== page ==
Restart Windows in a Flash

    Do you get tired of waiting for Windows to restart? Sometimes it can take ages to shut down completely, and then you still have to wait for the computer hardware to reset as well. Next time, try holding down the Shift key as you click OK in the Shut Down Windows dialog (with the "Restart the computer?" radio button selected, naturally). Windows will then restart itself without shutting down the entire computer.

    Expand and Contract Folders With the Greatest of Ease

    Windows 95 introduced the Windows Explorer, a nifty interface that displays folders in a vertical list (called a directory tree). Simply click a folder in the directory tree and it will expand, displaying its contents. If you have many folders to expand or contract, however, clicking each item can be more trouble than it's worth.

    Instead, simply highlight the folder (or folders) you wish to control and press either the plus key (+) to expand the folders one level, or the minus key (-) to contract them. You can also use the asterisk key (*) to expand every item within a folder down to the lowest subdirectory.

    Note: You must use the plus, minus, and asterisk keys located on the numeric keypad (usually found on the right side of your keyboard), not the ones located above the numbers at the top.

    Skip the Recycle Bin

    Take care when using this trick, because it does exactly what it says and there are no second chances. When you delete a file, it's normally moved to the Recycle Bin, where it stays until you empty it. To delete a file permanently and bypass the Recycle Bin, hold down the Shift key while deleting the file. You'll get a pop-up window confirming the deletion; if you click Yes, the file is gone for good.

    Drag and drop Start menu item on desktop

    Do you find your desktop handier than the Start menu? Then create shortcuts to your oft-used Start menu items on the desktop. Whereas in Windows 95, this operation required you to right-click Start, select Open, and so on, now you can copy a shortcut using a simple click-and- drag operation.

    With all windows minimized, click Start and navigate your way to a favorite shortcut, such as Start, Programs, Accessories, Paint. Click the item you want to turn into a shortcut (here, Paint), and without releasing the mouse button, drag it out to the desktop. Release the mouse button, and there's your shortcut.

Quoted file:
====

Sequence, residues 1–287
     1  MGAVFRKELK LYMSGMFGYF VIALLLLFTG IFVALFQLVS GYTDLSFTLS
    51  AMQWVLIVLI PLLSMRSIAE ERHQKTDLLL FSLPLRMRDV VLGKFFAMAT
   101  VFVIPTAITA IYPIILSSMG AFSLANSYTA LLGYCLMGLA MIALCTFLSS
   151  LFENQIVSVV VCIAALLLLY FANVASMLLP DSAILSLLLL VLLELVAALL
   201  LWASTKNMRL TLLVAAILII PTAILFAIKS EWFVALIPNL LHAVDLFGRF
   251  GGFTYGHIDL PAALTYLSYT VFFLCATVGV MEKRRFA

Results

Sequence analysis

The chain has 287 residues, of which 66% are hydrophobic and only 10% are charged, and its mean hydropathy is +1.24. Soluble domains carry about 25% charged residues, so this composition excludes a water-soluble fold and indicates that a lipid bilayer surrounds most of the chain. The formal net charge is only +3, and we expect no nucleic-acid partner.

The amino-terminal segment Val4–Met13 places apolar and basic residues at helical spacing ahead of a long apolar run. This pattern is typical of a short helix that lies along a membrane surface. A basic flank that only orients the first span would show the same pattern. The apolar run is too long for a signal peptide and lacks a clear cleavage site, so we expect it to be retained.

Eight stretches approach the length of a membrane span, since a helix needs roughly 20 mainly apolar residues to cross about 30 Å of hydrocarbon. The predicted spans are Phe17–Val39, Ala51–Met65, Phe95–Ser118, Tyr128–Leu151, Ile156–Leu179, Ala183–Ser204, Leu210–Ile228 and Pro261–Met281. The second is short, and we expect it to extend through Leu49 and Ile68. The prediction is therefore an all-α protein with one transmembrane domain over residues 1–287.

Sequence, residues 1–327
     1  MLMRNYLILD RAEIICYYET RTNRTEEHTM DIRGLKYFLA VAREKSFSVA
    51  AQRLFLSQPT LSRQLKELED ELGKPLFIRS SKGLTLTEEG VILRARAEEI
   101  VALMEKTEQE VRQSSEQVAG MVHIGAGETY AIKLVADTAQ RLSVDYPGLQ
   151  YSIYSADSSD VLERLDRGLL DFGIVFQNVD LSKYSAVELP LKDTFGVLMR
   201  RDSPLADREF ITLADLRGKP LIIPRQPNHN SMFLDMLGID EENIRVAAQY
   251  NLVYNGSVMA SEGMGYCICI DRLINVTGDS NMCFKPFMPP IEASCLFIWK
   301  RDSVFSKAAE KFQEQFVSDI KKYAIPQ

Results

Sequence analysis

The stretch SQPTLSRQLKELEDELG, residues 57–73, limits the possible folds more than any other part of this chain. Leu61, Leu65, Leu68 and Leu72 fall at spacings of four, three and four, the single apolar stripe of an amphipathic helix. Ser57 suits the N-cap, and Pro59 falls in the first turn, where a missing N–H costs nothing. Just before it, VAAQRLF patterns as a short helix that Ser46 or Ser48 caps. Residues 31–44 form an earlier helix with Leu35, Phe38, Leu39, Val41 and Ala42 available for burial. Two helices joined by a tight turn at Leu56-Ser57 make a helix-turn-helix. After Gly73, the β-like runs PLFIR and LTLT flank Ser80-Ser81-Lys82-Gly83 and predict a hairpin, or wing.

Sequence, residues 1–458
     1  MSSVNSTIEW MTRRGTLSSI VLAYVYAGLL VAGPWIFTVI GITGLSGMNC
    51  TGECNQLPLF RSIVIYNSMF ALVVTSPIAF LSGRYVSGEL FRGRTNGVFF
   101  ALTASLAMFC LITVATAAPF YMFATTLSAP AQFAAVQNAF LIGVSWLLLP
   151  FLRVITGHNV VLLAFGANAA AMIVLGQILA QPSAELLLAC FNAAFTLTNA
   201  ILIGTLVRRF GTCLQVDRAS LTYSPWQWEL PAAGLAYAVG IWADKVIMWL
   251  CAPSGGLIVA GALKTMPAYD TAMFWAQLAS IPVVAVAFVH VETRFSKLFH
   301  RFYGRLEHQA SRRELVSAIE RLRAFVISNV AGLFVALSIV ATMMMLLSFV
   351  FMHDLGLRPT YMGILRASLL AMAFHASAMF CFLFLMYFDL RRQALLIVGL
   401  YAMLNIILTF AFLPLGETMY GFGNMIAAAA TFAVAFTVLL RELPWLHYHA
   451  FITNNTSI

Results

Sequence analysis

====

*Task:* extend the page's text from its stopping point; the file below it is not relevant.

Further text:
Clean out your System files

    Find the programs that have added themselves to your system files (whether accidentally or on purpose)--these are the ones that open folders on start-up for no particular reason. The Windows 98 tool called the System Configuration Utility (SCU) will help you find them. To use the SCU, select Start/Run. Type msconfig and click OK. When the SCU appears, click the Win.ini tab, then double-click the Windows folder. Check to see if you can locate the offending app in the "load=" or "run=" line. If not, click the Startup tab and look for it there. You'll be shocked by how many programs load themselves onto your system without you even knowing it. Disable any of these apps in Startup by clicking the check mark beside them in the SCU.

    Shut Down - Not responding

    Sometimes during a Shut Down, the system will hang, and nothing seems to help. You try to change the sound for closing, press every key on the keyboard, and even threaten Windows with physical violence. It just won't finish the Shut Down cycle. You could just turn your computer off, but you risk some real problems by doing that. Try this instead:
    Press Ctrl-Alt-Del to bring up the Task screen. This is the menu that displays all of the programs currently running. Sometimes, one or more may come up with a message saying that the system is not responding. End these tasks by pressing the "End Task" button. (Sometimes it's not that easy.) One by one, keep ending tasks until the only one left is Explorer. Now try your Shut Down once again.

    Increase Scrollbar size

    Do you find the scrollbars in your applications and dialog boxes too small to grab onto? Windows 98 lets you make them as big (or as small) as you want.

    Right-click the desktop, select Properties, and click the Appearance tab. Under Item, select Scrollbar, adjust the Size using the up arrow, and watch your change in the preview. When you like what you see, click OK to keep the change.

    Tips provided by CNET